Interview with Elton Gahr
Author of Random Fantasies
Where are you from originally and where do you reside now?
I was born in Kalispell, MT. I moved to Joplin, Missouri about 15 years ago.
If you currently reside somewhere besides where you were born, what’s the story that lead from there to here?
I moved away from Kalispell because it is an expensive place to live. I moved to Joplin because several friends from High-school had moved there for college.
What made you decide to write and publish your first book?
I had been writing my entire life, but through most of my time in school I never considered it anything but a hobby and planned to go into computer programming. Then one day my computer teacher sat me down and explained what life was like for a computer programmer.
I began to consider writing as a career then and began writing more. During that time, I was writing comic books with a friend who drew them. We regularly do conventions and so I printed one of my books to sell alongside them. It got a fairly good response so I have self pushed five more since including two more epic fantasies, a space opera and two anthologies one science fiction and one fantasy.
How would you describe your books to first time readers?
I write both fantasy and science fiction books that are safe for anyone but written with adults in mind. The fantasy is mostly epic fantasy set in a unique world. The science fiction is generally inspired by TV such as Star Trek, Firefly and The Twilight Zone.
Who do you feel is most likely to connect with the topics you write about?
People who are looking for writing with modern sensibilities but with a style closer to the classic science fiction writers.
What unexpected or surprising thing did you learn during the process of writing and publishing?
I never realized how much effort went into formatting a book. Picking out fonts, layouts and numbering pages took far longer than I expected just to meet minimum expectations.
If you could, what advice would you give to your past self before embarking on this journey?
Writing better is important, but it doesn’t matter how well you write if no one sees it so start marketing early.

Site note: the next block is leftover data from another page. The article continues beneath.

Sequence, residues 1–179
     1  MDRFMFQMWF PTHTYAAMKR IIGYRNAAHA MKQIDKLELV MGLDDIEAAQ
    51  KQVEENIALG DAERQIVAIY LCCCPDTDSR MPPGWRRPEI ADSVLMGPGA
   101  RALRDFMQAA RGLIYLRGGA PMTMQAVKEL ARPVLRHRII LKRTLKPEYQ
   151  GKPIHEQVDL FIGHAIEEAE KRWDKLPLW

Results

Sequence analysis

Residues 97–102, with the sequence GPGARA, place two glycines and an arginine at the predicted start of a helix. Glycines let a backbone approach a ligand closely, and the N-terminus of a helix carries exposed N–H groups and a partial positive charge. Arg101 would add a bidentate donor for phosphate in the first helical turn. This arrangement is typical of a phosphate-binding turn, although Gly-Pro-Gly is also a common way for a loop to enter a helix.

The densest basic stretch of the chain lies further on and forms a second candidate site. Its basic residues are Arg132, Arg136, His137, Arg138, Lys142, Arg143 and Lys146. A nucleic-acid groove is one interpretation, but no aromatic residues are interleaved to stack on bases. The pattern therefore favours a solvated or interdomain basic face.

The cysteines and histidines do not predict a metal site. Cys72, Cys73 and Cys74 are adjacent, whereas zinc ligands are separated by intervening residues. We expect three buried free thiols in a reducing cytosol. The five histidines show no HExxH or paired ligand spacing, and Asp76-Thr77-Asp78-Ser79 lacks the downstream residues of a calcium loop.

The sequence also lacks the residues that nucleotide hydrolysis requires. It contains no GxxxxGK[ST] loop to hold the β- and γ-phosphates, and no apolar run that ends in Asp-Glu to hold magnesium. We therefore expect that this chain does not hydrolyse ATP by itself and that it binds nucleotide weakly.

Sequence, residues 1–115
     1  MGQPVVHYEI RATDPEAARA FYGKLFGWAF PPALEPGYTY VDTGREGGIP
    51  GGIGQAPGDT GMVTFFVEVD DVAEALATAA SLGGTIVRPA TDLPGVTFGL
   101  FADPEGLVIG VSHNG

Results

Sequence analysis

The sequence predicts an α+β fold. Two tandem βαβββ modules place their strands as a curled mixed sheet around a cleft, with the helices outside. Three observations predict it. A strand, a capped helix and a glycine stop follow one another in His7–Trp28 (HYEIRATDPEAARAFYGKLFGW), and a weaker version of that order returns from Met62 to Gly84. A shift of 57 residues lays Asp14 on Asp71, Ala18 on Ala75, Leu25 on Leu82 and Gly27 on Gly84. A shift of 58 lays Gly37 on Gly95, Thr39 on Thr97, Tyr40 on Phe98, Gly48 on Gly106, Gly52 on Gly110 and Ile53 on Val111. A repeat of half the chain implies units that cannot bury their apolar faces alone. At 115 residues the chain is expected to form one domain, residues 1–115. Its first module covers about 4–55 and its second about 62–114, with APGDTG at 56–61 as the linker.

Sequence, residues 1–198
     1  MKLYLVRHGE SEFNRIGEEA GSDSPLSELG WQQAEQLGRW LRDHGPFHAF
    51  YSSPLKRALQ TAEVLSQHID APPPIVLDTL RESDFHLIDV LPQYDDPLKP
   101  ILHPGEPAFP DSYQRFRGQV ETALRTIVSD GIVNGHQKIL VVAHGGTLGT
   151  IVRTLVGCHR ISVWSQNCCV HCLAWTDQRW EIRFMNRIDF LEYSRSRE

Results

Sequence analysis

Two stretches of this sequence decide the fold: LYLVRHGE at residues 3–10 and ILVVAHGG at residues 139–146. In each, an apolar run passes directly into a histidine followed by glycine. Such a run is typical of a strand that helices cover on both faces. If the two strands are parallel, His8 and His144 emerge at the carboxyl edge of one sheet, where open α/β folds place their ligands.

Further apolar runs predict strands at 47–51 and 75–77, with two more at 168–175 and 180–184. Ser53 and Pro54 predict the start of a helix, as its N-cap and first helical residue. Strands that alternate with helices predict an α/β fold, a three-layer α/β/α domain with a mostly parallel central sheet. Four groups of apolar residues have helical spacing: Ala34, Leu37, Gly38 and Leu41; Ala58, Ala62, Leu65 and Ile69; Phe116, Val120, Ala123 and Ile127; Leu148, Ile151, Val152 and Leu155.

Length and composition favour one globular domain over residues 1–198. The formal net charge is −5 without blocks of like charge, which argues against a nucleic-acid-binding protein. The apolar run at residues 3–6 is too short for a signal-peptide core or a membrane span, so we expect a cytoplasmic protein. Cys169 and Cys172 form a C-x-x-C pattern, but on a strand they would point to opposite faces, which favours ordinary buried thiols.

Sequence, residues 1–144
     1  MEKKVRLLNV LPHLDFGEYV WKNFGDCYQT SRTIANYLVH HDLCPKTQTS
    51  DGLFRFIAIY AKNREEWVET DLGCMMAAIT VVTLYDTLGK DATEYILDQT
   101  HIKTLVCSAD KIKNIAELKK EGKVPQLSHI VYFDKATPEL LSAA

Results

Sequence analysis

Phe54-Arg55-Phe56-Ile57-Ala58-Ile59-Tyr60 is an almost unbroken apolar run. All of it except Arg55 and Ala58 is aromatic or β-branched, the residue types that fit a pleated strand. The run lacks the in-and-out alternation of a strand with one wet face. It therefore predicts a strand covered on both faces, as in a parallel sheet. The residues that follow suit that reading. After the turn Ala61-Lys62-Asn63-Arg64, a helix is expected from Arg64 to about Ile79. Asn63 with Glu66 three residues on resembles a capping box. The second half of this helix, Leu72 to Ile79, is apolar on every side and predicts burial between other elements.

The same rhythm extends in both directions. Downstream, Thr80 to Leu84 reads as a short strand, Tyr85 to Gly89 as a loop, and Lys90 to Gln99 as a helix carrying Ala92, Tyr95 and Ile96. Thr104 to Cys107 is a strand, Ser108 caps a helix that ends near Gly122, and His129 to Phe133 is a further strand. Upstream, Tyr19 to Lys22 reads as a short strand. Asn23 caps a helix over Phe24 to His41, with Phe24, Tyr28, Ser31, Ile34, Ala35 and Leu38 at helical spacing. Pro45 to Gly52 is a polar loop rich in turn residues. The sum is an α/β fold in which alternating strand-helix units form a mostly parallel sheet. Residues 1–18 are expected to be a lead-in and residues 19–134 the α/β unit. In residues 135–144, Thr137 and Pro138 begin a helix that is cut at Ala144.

How many people would you ideally like to reach with your books?
I aspire to the peaks of the genre. I’d love to be as successful as Terry Brooks, Brandon Sanderson and even J.R.R. Martin. But I would be content with enough sales to quit my day job.
What has been the biggest challenge and frustration during the process to date?
The general difficulties of getting people to try something new. Even when giving away free books it’s difficult to convince people to read even a short story from an author they don’t already know instead of rereading the same books for the tenth time.
What’s your biggest strengths when it comes to book a) writing, b) publishing and c) marketing?
I consider myself a storyteller more than an author and so I think my strengths lie in the plot and characters while I try to make my writing style as unobtrusive as possible as to not impede the story. As a publisher I try to make books that aren’t intimidating or off-putting.
My skill as a marketer is a genuine interest in individuals. People interest me and creative people most of all. I enjoy talking to my readers and potential readers not only about my work, but about any books and try to be encouraging to anyone who wants to follow their dreams. Whether in person or online I always respond, usually quickly to fan letters or requests for advice.
What’s your biggest weakness when it comes to book a) writing, b) publishing and c) marketing?
As I writer, especially in my early work, I can sometimes focus too much on getting to the next part of the story and leave out the details that make a world feel real. I will never be the writer who spends several pages describing the feast that the characters are having and I have from time to time realize that I’ve written entire books without telling the reader what the main character really looks like instead focusing on his or her psychology.
In publishing I am painfully aware that my proofreading skills are not perfect. I have found embarrassing errors and typos in finished works and hopefully someday I’ll sell enough to afford both an editor and a proofreader.
Marketing is a new area for me. Until recently I had convinced myself that I could wait to market while I improved my skills as a writer and that once my writing was good enough, the marketing would be easy. Because of this I am years behind in both knowing how to market and in building an audience and am just beginning to learn of the many tools and venues where you can go to tell people about your work.
When do you think you will write your next book?
I just finished the penultimate draft of the second of my Spaceship Vision novels and once I get feedback from my beta readers will begin the final draft and pick a release date, hopefully in the first quarter of 2020. I am also most of the way through the first draft of a modern fantasy novel which has the working title The Thirteen Gates.
Are you self published or did you use a hybrid publisher, or a traditional publisher?
I am self published.
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